“Montana has the best gun laws in the U.S., probably the World, primarily because of the effective pro-gun and pro-hunting political work MSSA has done in Montana.”
 – David Kopel, legal scholar, Independence Institute.
Following are some of the political and legal successes MSSA has achieved for Montana gun owners and hunters.

1985 – Local governments preemption.
Even prior to founding MSSA, the founding members worked hard for your gun rights.  These founders backed law preventing local governments from passing arbitrary gun control ordinances, except for regulating the discharge of firearms inside city limits, and regulating the carrying of firearms into public parks and public buildings.

1987 – Prevention of non-defective firearm liability.
MSSA-backed law protects firearm manufactures and sellers from damages caused by firearms that are not defective.

1989 – Sporting goods stores may exceed fire codes for storage of smokeless powder and primers.
The Unified Fire Code used to specify that stores could not exceed 20 pounds of smokeless powder or 1,000 primers on premises at any time.  This MSSA-backed law supersedes the UFC and allows stores to stock up to 400 pounds of smokeless powder and up to 125,000 small arms primers.

1991 – Mandatory Issue Concealed Weapon Permits.
MSSA-backed law states that law abiding residents can now get a permit issued within 60 days of application.  Although many of your own law enforcement agencies fought against your right to carry, MSSA prevailed.

1991 – Montana  Shooting Range Protection Act.
MSSA-backed law prevents range closures due to contamination of soils by lead, copper, & other claims.  Anti-gun groups use this to shut down ranges all over the USA.  Not in Montana!

1991 – Right to Keep and Bear Arms Week.
This MSSA bill establishes law where the first week of March is an official period for Montanans to celebrate their cherished right to keep and bear arms.  Go celebrate!

1991 – Hunting Heritage Week.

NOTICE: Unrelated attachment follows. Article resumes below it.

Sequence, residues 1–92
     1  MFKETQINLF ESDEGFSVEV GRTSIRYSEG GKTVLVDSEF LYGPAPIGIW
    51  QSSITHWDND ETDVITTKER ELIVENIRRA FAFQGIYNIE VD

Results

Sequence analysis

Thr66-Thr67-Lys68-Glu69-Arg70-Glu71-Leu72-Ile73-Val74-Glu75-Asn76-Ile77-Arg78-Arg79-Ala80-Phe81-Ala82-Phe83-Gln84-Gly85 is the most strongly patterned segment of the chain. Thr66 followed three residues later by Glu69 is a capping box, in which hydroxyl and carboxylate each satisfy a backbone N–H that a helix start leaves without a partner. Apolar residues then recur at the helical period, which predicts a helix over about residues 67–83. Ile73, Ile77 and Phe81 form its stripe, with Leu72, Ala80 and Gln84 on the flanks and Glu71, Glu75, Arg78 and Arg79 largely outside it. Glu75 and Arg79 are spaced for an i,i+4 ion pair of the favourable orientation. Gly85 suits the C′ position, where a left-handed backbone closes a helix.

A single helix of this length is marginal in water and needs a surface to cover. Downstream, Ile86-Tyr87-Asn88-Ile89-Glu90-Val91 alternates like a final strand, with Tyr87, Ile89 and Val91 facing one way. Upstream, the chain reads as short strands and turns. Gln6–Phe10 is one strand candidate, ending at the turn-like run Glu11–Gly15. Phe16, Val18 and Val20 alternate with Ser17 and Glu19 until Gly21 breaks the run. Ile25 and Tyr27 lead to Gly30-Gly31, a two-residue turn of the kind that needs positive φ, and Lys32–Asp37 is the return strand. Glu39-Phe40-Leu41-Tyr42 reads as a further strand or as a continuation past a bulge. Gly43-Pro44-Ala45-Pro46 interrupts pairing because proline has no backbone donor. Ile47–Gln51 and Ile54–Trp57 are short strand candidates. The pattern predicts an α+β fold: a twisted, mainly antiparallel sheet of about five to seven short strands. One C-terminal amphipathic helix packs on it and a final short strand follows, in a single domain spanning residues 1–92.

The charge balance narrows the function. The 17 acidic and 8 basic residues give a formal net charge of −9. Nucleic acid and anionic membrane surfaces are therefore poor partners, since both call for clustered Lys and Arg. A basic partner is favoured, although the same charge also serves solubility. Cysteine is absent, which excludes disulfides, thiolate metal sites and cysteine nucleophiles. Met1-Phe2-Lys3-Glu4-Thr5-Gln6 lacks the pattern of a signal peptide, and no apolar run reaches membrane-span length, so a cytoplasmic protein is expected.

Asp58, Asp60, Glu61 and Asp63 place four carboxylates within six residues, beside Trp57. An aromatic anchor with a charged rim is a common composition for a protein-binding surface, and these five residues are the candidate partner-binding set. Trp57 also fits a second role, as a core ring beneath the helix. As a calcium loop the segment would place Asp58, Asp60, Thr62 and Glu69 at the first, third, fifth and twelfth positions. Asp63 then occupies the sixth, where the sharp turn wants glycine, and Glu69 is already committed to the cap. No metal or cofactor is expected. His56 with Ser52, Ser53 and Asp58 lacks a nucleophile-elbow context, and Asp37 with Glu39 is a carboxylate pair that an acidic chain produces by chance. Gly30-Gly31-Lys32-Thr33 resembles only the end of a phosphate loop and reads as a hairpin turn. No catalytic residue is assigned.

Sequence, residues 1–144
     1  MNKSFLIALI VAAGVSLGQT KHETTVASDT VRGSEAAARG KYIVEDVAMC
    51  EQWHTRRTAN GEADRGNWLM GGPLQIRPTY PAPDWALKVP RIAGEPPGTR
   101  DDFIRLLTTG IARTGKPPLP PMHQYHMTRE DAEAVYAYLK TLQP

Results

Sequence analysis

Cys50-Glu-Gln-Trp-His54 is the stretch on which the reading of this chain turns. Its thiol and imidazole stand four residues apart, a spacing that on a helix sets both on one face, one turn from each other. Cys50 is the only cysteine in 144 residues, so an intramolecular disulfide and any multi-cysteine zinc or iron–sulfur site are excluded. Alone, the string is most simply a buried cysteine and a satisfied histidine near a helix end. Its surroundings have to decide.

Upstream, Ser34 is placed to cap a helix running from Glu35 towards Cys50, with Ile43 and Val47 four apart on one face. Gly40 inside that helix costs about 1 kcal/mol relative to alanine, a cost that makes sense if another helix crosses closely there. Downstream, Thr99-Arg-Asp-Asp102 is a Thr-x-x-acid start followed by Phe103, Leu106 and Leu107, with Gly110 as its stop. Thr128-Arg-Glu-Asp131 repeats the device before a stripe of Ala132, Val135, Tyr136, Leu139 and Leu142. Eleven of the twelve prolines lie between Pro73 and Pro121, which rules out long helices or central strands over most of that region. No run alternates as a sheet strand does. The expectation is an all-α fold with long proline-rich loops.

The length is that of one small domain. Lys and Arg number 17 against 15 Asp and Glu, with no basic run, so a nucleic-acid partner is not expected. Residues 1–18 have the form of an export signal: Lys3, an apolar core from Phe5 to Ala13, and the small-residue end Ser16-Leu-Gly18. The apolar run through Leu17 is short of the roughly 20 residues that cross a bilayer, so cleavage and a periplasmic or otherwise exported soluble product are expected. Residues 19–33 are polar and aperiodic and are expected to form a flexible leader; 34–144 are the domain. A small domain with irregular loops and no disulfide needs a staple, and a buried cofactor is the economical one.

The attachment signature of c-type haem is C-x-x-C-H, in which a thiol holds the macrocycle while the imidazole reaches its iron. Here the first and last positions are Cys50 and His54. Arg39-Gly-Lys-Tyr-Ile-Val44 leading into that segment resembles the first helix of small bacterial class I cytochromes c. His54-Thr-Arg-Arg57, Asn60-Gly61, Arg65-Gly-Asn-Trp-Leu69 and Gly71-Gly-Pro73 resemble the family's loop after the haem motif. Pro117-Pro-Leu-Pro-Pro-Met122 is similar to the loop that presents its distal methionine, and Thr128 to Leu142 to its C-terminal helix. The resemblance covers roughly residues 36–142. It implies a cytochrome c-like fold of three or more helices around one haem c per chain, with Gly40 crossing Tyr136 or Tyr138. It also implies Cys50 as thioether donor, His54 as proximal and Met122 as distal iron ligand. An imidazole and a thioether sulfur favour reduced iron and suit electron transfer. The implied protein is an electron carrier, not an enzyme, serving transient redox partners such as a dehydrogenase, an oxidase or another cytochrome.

This MSSA bill establishes law where the third week of September is set aside to celebrate Montana’s heritage and culture of hunting game animals.  Go celebrate!

1991 – Gun safety in schools.
This MSSA Senate Joint Resolution encourages gun safety training in the elementary schools of Montana and directs schools to adopt a gun safety program for kids.

1991 – Shooting sports in schools.
This MSSA Senate Joint Resolution encourages the adoption of rimfire competition as an intramural and interscholastic sport in the high schools of Montana.  In shooting sports, small, rural schools can compete on an equal footing with larger, urban schools.

1993 – Easements to secure a safety zone around a shooting range.
Owners and operators of a shooting range need to secure a safety zone of property adjacent to the range, but often do not have the financial resources to buy the necessary land.  This MSSA-authored law allows range operators to use easements to secure safety zones around ranges.

1993 – Handgun hunting districts
MSSA-backed law helped establish allowing big game hunting with handguns in special districts restricted to shotguns and muzzleloaders.

1993 – Game Lawfully Taken Becomes the Personal Property of the Hunter.
Prior to this law, all game was the property of the State.  Even if it was in your freezer.  MSSA-backed law states game (lawfully taken and tagged) is now your personal property.

1993 – Second Conviction of Hunter Harassment is a Felony.
Formerly, conviction of hunter harassment was only a misdemeanor crime.  MSSA-backed law makes second conviction a felony, with hard time in state prison.  Since passage of this law, Montana hunters have incurred no second hunter harassment incidents by protesters!

1995 – Firearm Safety Instructors Exempt from Liability.
It has become more and more difficult to recruit firearm instructors because of possible exposure of instructors’ personal assets to lawsuits over gun accidents by an instructor’s student.  This law by MSSA exempts firearm safety instructors from acts or omissions of students as long as the instructor did not use gross negligence in training the student.

1995 – Repeal the Brady Law.
MSSA successfully lobbied through the Legislature a Joint Resolution of the House and Senate calling upon Congress to repeal the unwanted and unneeded federal Brady Law.

1995 – Gun buys for CWP-holders under the Brady Law.
MSSA-backed law specifies that if a person has a Montana Concealed Weapon Permit where they have already had a background check pursuant to the federal Brady Law, they may buy guns from federally licensed dealers without submitting to or waiting for a background check.

1997 – Gun owners not liable for criminal acts committed with stolen firearms.
The 1997 Legislature passed an MSSA-backed law clarifying that a gun owner is not responsible for the misuse of a stolen firearm.  Prior to this, you could be charged with the crime committed with your stolen firearm!

1997 – Over-zealous federal officers.
Many people are concerned about the actions of over-zealous federal officers.  MSSA believes the county sheriff should be able to protect us from federal police who exceed their authority.  This MSSA-authored resolution passed in 1997:
a) asks all federal officers to notify the county sheriff prior to any arrest, search or seizure in the sheriff’s county,
b) requires the Montana Department of Justice to maintain a log of federal operations in Montana and note which ones happened with the advance notice to the sheriff